The transform itself is described mathematically by a struct called a CATransform3D. The Core Animation Function Reference lists the functions for working with these transforms. They are a lot like the CGAffineTransform functions, except they’ve got a third dimension. For example, here’s the declaration of the function for making a 2D scale transform:

CGAffineTransform CGAffineTransformMakeScale (
   CGFloat sx,
   CGFloat sy

And here’s the declaration of the function for making a 3D scale transform:

CATransform3D CATransform3DMakeScale (
    CGFloat sx,
    CGFloat sy,
    CGFloat sz

The rotation 3D transform is a little more complicated. In addition to the angle, you also have to supply three coordinates describing the vector around which the rotation takes place. Perhaps you’ve forgotten from your high-school math what a vector is, or perhaps trying to visualize three dimensions boggles your mind, so think of it this way.

Pretend for purposes of discussion that the anchor point is the origin, {0,0,0}. Now imagine an arrow emanating from the anchor point; its other end, the pointy end, is described by the three coordinates you provide. Now imagine a plane that intersects the anchor point, perpendicular to the arrow. That is the plane in which the rotation will take place; a positive angle is a clockwise rotation, as seen from the side of the plane with the arrow (Figure 16.7). In effect, the three points you supply describe, relative to the anchor point, where your eye would have to be to see this rotation as an old-fashioned two-dimensional rotation.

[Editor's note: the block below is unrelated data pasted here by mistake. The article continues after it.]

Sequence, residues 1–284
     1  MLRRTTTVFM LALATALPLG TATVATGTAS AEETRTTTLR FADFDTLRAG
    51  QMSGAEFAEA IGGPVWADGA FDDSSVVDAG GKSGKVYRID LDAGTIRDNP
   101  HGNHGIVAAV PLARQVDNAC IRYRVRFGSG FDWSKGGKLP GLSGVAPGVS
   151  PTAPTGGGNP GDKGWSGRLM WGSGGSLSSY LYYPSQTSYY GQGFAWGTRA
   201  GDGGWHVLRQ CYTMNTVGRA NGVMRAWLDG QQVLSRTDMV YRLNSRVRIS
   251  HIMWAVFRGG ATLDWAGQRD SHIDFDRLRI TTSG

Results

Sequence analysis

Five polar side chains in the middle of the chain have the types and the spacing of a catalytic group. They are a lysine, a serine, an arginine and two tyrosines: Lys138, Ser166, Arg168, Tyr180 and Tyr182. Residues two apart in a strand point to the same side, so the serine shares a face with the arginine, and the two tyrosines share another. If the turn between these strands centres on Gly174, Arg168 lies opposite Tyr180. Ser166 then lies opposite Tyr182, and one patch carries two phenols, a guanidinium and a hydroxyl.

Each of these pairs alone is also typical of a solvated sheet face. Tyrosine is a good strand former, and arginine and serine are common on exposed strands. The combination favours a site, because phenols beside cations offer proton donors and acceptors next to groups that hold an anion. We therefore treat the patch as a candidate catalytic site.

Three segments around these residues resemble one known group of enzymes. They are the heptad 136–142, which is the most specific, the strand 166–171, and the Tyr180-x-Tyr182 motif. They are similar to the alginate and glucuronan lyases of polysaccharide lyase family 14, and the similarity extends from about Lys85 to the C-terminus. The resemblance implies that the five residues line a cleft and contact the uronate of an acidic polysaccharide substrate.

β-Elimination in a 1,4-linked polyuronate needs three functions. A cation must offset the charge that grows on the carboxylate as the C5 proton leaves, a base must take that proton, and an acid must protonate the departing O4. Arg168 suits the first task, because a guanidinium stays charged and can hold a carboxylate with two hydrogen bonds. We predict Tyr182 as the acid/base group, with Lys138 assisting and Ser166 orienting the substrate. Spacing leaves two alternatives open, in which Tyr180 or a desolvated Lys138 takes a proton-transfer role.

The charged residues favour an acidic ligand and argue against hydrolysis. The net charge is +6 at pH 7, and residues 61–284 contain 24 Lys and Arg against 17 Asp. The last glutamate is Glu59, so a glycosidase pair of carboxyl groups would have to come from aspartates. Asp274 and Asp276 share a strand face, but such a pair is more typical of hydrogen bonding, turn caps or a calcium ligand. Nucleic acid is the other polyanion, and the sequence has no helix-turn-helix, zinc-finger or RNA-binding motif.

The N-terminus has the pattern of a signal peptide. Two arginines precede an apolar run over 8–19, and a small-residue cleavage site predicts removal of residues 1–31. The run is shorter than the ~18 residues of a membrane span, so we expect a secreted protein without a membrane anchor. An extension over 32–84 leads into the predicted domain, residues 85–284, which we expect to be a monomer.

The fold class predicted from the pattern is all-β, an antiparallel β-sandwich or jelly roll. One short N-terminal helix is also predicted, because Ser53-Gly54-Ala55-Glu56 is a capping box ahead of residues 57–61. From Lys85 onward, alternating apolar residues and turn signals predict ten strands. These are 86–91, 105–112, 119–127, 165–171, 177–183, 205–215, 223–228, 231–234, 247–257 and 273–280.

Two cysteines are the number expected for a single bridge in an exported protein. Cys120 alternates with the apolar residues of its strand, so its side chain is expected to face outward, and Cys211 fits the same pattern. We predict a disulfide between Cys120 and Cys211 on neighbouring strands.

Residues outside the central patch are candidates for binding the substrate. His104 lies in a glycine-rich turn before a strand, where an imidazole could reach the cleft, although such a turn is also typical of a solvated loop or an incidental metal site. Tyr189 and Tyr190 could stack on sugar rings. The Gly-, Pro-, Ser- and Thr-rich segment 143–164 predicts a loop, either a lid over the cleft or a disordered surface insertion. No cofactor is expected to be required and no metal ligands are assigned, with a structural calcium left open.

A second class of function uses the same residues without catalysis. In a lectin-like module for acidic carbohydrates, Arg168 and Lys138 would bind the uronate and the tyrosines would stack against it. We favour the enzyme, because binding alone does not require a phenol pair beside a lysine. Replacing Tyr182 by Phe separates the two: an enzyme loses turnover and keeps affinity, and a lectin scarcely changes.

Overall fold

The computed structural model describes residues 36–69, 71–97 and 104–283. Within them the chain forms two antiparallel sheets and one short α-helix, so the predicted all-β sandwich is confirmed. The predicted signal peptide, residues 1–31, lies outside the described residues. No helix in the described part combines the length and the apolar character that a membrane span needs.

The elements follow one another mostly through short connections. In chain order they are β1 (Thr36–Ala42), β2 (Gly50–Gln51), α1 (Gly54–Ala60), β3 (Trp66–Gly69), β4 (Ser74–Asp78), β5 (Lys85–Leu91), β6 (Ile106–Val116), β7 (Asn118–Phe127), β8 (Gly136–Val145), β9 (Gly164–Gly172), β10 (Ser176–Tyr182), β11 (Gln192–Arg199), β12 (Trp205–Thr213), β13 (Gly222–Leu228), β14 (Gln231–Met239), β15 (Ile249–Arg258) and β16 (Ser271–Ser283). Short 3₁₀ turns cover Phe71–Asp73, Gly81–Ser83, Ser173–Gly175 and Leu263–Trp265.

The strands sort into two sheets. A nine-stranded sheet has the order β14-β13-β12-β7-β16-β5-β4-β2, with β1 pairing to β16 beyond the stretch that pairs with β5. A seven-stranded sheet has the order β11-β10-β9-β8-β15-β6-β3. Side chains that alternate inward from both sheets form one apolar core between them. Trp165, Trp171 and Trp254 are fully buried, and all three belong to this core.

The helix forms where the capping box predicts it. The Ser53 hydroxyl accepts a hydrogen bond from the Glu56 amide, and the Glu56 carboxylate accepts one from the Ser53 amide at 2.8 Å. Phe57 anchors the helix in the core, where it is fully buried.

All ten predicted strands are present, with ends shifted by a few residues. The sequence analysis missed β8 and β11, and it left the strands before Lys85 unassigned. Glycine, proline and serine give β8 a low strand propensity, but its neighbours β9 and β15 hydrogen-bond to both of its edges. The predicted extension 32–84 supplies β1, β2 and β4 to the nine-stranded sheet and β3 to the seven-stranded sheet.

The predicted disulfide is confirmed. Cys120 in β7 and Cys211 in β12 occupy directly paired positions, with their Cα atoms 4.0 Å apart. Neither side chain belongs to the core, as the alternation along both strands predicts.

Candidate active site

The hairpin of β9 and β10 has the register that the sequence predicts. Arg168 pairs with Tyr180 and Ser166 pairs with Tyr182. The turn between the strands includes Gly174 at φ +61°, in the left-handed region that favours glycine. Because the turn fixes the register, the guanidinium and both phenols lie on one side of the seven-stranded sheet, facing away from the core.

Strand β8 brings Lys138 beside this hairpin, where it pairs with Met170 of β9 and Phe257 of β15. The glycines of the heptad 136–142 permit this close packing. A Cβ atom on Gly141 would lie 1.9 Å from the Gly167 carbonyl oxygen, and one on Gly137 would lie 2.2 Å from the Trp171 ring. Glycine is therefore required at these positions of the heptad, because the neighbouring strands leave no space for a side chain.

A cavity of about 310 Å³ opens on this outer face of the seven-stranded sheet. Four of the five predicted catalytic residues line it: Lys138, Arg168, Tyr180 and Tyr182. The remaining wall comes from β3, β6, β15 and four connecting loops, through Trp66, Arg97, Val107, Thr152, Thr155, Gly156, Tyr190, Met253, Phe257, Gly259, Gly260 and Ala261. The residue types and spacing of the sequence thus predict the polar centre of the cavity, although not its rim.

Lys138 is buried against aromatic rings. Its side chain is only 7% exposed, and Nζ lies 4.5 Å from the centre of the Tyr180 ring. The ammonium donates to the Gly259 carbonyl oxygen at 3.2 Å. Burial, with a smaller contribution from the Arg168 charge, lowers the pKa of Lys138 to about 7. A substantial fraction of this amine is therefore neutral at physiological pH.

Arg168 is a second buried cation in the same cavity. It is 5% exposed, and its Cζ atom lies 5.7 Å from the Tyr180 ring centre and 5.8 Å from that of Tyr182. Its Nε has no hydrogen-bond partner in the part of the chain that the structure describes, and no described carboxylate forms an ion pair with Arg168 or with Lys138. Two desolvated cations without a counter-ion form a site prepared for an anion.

The three values you give specify a direction, not a point. Thus it makes no difference on what scale you give them: {1,1,1} means the same thing as {10,10,10}. If the three values are {0,0,1}, with all other things being equal, the case is collapsed to a simple CGAffineTransform, because the rotational plane is the screen. On the other hand, if the three values are {0,0,-1}, it’s a backward CGAffineTransform, so that a positive angle looks counterclockwise (because we are looking at the “back side” of the rotational plane).


Figure 16.7. An anchor point plus a vector defines a rotation plane

A layer can itself be rotated in such a way that its “back” is showing. For example, the following rotation flips a layer around its y-axis:

someLayer.transform = CATransform3DMakeRotation(M_PI, 0, 1, 0);

By default, the layer is considered double-sided, so when it is flipped to show its “back,” what’s drawn is an appropriately reversed version of the content of the layer (along with its sublayers, which by default are still drawn in front of the layer, but reversed and positioned in accordance with the layer’s transformed coordinate system). But if the layer’s doubleSided property is NO, then when it is flipped to show its “back,” the layer disappears (along with its sublayers); its “back” is transparent and empty.


There are two ways to place layers at different nominal depths with respect to their siblings. One is through the z-component of their position, which is the zPosition property. Thus the zPosition, too, has a second purpose that I didn’t tell you about earlier. The other is to apply a transform that translates the layer’s position in the z-direction. These two values (the z-component of a layer’s position and the z-component of its translation transform) are related; in some sense, the zPosition is a shorthand for a translation transform in the z-direction. (If you provide both a zPosition and a z-direction translation, you can rapidly confuse yourself.)